Posted on 16 Mar 10
After months of uncertainty about health care reform, glimmers of clarity are emerging on what a final plan might look like — and what that could mean for business.
The debate’s parameters have narrowed to two main options: the Senate version passed in December and the compromise plan President Obama offered before his reform summit last month. Both plans would apply only to businesses with 50 or more employees.
Either way, now’s the time for businesses to analyze employees’ use of health care, perhaps even on a worker-by-worker basis, benefits consultants and others said. The White House is pressing to have legislation on Obama’s desk this week.
Although the proposals might benefit business in the long run by reducing overall medical costs, they may force a more immediate decision for employers: whether to continue coverage.
The Senate version would require employers to pay 60 percent of charges in plans. If the employer offers no coverage, in some circumstances it could face an annual penalty of $750 an employee.
That means employers must determine whether they can afford the 60 percent threshold or whether it’s more affordable to drop coverage and pay the penalty, said Yvonne Waterman, a vice president of Overland Park-based Power Group Cos., an insurance agency that specializes in employee benefits and risk management.
Of course, observers said, dropping coverage can affect recruitment and retention.
Typically, Waterman said, employers with small groups — usually no more than 100 members — pick up about half the costs.
“What we have been doing (with clients),” she said, “is looking at, OK, what do you think you can afford, and understanding the value of what that buys.
“Does that mean we have to look at plan design changes? Do we need to step back and look at consumer-driven products or higher-deductible-type plans, and what is that going to look like from a financial perspective?”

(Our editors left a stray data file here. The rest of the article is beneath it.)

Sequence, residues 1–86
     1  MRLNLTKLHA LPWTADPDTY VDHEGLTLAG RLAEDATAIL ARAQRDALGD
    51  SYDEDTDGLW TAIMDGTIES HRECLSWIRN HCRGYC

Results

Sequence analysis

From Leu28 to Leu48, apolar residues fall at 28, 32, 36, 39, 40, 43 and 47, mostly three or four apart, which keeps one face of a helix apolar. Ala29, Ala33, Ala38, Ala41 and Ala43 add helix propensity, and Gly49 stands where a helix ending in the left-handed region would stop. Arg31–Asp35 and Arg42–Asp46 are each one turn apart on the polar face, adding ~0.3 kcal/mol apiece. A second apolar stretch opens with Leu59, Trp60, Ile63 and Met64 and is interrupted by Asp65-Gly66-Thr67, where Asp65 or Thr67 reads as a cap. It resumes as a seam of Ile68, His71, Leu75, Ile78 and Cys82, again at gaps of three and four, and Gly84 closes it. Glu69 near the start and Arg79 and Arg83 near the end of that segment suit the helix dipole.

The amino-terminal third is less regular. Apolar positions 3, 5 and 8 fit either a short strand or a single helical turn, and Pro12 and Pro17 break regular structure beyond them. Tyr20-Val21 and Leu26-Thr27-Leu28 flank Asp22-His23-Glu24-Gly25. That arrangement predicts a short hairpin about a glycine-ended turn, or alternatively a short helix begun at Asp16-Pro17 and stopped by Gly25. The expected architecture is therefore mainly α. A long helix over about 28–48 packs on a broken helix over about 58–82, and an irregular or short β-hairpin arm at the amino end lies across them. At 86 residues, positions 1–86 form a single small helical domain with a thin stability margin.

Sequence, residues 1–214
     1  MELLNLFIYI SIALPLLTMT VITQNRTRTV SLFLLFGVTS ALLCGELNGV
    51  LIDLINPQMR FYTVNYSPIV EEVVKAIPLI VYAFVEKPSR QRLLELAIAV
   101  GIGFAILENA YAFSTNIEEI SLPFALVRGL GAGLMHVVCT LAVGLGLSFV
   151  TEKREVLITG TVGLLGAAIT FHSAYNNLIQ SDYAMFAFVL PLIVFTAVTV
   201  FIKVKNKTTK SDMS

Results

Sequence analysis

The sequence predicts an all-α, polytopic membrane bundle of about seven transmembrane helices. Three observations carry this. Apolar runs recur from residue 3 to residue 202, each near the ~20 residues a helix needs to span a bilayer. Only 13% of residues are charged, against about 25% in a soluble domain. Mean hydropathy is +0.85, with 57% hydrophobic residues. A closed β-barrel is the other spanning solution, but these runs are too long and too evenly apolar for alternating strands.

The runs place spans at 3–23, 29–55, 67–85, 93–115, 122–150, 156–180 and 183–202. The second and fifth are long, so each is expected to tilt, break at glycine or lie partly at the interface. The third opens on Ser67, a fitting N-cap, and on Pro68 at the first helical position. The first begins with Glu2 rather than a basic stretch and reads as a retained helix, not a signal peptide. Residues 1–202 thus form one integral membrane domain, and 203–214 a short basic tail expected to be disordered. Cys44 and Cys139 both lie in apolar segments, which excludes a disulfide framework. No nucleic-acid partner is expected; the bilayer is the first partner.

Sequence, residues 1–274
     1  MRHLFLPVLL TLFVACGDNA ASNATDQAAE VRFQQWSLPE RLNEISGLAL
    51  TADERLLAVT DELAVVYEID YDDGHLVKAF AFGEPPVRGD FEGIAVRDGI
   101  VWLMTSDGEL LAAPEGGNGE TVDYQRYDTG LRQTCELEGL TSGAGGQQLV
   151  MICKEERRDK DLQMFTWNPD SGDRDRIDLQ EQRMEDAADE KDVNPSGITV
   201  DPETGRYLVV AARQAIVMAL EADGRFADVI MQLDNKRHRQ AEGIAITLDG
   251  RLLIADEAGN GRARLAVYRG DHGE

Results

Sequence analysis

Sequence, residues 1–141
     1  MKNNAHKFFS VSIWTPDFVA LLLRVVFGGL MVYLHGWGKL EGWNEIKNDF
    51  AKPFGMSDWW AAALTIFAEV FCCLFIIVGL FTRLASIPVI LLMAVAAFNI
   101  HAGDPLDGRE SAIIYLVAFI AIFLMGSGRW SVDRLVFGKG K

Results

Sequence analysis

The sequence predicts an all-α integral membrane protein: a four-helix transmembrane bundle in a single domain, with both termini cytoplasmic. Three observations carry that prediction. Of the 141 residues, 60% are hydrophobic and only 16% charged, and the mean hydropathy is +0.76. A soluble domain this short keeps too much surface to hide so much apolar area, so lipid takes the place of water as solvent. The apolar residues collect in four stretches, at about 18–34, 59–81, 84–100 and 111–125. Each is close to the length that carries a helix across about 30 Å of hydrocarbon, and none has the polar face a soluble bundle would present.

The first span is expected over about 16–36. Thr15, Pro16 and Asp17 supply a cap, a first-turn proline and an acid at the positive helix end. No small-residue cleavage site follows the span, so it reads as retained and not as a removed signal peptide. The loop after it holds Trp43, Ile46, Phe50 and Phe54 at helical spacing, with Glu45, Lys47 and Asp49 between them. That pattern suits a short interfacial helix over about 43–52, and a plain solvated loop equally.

Another Senate provision would mandate that an employee’s contribution to health care costs not exceed 9.8 percent of the employee’s household income.
It’s probably not administratively feasible to figure out each employee’s household income, said Ed Fensholt, a senior vice president and director of compliance services for Kansas City-based Lockton Cos. Inc., an insurance broker.
So employers would do well to start thinking how they would set employee contributions based on 9.8 percent of salary, said Fensholt, also a member of Lockton’s Health Reform Advisory Practice.
That way, if an employee has additional household income, the percentage he or she is charged would be below the ceiling in the Senate plan, Fensholt said.
But a different provision of the Senate plan would give employers another, safer percentage to shoot for, said Shannon Demaree, vice president of actuarial services at Lockton and a member of the Health Reform Advisory Practice.
“The really safe spot is 8 percent or below,” she said, because of requirements that employers subsidize coverage for workers who use the health insurance exchanges contemplated by reform.
Even if an employee is paying as little as 8 percent of household income toward a plan, employers must provide a voucher if the employee’s household income is as much as 400 percent of the federal poverty level.
The Senate plan would require employers that offer no coverage to pay $750 for every full-time employee if even one gets insurance through an exchange. Obama’s plan would make that penalty $2,000, Fensholt and Demaree said.
Businesses may take another hit from a proposed $67 billion tax on insurance providers — imposed to help pay for reform and expected to be largely passed on to smaller businesses.
The levy “really does leave small business footing a big chunk of that bill,” said Michelle Dimarob, a Washington lobbyist for the National Federation of Independent Business.
The proposals are not bereft of hope for business, said Dr. Lori Heim, president of Leawood-based American Academy of Family Physicians. The Senate version would extend coverage to 31 million uninsured Americans.
“Any time that people have access to care, if they start getting regular medical care,” she said, “we can see downstream cost savings to the system.”